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M. C. Brown, A. C. Stopforth, R. P. Hagan, A. C. Fisher; The Effect of Electrical Interaction Between Eyes on Electro-Oculogram (EOG) Recordings. Invest. Ophthalmol. Vis. Sci. 2007;48(13):2892.
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To determine the content of the EOG signal which is derived from the fellow eye, and to assess its impact on interpretation of results, with special reference to cases with asymmetrical responses.
The clinical EOG-test records the changes in standing electrical potentials generated by the retina in light and dark conditions. The result is usually expressed as the Arden ratio, which is the ratio of the peak potential developed in the light to the minimum (trough) occurring in darkness. In this study, previous clinical EOG recordings were examined from normal subjects and on subjects with only one working eye. From the results, an estimate of ‘cross-talk’ between the eyes has been made. In addition, results have been examined from cases where there is a significant inter-eye difference in the standing potential or the Arden Ratio, and an assessment has been made of the likely impact of the cross-talk on the results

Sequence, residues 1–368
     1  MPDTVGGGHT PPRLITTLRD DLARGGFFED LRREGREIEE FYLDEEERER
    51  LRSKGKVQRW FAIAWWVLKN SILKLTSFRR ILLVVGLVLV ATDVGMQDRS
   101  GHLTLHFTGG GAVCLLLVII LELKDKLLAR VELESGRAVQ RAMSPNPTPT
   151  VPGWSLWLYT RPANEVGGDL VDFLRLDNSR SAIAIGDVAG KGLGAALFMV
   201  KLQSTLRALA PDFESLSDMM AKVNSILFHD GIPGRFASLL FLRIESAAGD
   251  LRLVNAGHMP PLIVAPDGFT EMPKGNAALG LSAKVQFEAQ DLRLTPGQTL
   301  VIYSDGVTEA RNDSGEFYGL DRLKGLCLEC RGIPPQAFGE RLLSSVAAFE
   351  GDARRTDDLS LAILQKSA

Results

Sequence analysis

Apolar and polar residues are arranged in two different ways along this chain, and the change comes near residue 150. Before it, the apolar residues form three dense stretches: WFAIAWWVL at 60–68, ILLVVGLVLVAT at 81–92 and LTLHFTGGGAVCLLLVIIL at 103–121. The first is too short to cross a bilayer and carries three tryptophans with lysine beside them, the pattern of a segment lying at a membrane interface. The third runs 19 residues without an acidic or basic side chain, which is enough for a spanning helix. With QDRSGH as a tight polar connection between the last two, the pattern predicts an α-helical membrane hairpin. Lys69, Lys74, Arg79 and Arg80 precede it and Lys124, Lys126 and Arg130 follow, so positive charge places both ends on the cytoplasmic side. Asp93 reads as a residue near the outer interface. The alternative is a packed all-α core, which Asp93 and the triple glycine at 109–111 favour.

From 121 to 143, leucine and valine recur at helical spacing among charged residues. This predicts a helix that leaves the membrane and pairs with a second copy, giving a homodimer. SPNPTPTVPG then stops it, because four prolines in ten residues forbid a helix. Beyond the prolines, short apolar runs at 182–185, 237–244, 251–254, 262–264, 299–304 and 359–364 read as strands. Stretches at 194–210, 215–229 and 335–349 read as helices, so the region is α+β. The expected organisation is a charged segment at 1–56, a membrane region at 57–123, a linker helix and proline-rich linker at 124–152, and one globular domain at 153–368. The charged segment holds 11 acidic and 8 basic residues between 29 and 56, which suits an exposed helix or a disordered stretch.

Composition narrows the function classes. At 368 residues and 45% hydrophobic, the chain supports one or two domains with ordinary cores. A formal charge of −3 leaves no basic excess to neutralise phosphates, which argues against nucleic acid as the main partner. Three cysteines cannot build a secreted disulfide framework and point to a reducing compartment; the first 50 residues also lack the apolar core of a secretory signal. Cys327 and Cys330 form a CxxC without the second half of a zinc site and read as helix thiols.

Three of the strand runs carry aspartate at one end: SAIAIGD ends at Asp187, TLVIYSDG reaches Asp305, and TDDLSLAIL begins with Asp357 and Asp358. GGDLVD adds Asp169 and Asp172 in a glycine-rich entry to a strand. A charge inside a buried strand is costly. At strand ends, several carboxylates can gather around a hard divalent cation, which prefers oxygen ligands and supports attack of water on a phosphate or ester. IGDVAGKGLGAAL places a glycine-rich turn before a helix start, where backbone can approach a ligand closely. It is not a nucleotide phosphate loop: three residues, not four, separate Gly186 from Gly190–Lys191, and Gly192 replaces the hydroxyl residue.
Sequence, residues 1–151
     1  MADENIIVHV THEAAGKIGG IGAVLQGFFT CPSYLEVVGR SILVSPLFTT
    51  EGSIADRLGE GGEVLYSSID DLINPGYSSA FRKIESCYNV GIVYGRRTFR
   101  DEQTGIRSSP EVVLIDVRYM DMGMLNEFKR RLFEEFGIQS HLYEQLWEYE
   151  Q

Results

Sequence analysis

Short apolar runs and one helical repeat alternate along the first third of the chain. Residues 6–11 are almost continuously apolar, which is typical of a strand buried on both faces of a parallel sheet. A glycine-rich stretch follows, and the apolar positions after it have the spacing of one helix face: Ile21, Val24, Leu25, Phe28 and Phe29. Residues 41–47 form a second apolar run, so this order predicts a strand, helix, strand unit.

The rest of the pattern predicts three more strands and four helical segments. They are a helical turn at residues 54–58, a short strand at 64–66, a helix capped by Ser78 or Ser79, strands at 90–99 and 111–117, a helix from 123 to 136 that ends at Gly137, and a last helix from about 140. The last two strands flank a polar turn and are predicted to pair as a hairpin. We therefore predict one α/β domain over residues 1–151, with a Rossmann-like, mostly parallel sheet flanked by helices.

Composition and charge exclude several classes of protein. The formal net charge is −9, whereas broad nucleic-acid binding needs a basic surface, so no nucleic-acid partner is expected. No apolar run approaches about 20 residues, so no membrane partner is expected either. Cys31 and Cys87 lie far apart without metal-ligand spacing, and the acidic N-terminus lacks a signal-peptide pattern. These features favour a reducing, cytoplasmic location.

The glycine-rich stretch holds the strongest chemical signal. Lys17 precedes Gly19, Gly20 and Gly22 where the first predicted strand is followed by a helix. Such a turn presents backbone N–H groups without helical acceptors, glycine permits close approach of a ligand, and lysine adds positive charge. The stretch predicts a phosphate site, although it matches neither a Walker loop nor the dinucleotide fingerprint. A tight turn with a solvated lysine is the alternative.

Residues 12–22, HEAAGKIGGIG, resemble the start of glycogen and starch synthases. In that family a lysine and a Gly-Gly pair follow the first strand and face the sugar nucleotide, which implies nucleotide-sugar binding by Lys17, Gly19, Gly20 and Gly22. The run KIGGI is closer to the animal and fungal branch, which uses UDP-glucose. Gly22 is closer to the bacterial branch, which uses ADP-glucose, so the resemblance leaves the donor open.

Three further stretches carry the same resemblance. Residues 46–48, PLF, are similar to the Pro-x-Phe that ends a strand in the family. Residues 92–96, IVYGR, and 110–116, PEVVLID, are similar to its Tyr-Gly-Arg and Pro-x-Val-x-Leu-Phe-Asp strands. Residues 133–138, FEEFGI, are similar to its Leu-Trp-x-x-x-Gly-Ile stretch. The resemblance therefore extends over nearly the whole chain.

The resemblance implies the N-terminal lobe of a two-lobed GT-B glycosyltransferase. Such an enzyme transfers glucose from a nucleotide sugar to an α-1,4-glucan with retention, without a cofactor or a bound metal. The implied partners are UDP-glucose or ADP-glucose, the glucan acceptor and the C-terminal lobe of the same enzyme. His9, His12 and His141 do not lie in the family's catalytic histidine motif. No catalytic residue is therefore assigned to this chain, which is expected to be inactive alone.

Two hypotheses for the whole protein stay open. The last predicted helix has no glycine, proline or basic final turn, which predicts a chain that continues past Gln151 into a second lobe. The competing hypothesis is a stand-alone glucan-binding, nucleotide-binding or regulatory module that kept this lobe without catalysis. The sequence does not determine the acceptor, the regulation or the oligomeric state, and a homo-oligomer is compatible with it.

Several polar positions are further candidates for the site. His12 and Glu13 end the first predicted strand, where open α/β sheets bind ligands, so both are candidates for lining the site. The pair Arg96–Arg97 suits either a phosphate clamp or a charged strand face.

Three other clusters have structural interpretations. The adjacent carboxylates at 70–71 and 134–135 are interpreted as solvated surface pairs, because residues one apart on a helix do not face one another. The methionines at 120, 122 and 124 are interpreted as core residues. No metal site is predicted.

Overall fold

From subjects with only one functioning eye the level of cross-talk has been found to be up to 40% with a common nasal electrode, and 15% with the standard four electrode set. With an absent fellow eye, the saccadic recordings show an inverse polarity to the functioning eye responses. In this situation the Arden Ratio can look similar for the two eyes. This phenomenon has implications when the standing potentials or the Arden Ratios are dissimilar. For instance, in the situation that the light rise is absent in one eye and the standing potential is also low, the weaker eye appears to have a ‘Negative’ EOG. If only the standing potentials are different, but with similar Arden ratios, the results are unaffected. If the standing potentials are the same, but the Arden ratios are different then the larger Arden ratio is exaggerated at the expense of the smaller one.
Arden ratios may be incorrect when there is a difference in either the standing potential or Arden Ratios derived from the two eyes due to crossover of potentials between the eyes and recording sites. If the differences are large, this may change the diagnosis. The percentage of crossover is determined mainly by the electrode positions.
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